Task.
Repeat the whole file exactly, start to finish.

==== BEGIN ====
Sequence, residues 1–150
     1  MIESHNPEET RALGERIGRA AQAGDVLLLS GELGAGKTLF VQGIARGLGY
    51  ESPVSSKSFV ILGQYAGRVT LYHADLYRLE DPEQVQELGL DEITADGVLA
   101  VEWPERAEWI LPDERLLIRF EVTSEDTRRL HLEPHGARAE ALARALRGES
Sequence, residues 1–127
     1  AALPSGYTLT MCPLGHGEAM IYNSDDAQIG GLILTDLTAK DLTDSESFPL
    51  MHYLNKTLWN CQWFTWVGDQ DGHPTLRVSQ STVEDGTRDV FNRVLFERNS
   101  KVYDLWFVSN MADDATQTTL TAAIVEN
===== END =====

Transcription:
Sequence, residues 1–150
     1  MIESHNPEET RALGERIGRA AQAGDVLLLS GELGAGKTLF VQGIARGLGY
    51  ESPVSSKSFV ILGQYAGRVT LYHADLYRLE DPEQVQELGL DEITADGVLA
   101  VEWPERAEWI LPDERLLIRF EVTSEDTRRL HLEPHGARAE ALARALRGES
Sequence, residues 1–127
     1  AALPSGYTLT MCPLGHGEAM IYNSDDAQIG GLILTDLTAK DLTDSESFPL
    51  MHYLNKTLWN CQWFTWVGDQ DGHPTLRVSQ STVEDGTRDV FNRVLFERNS
   101  KVYDLWFVSN MADDATQTTL TAAIVEN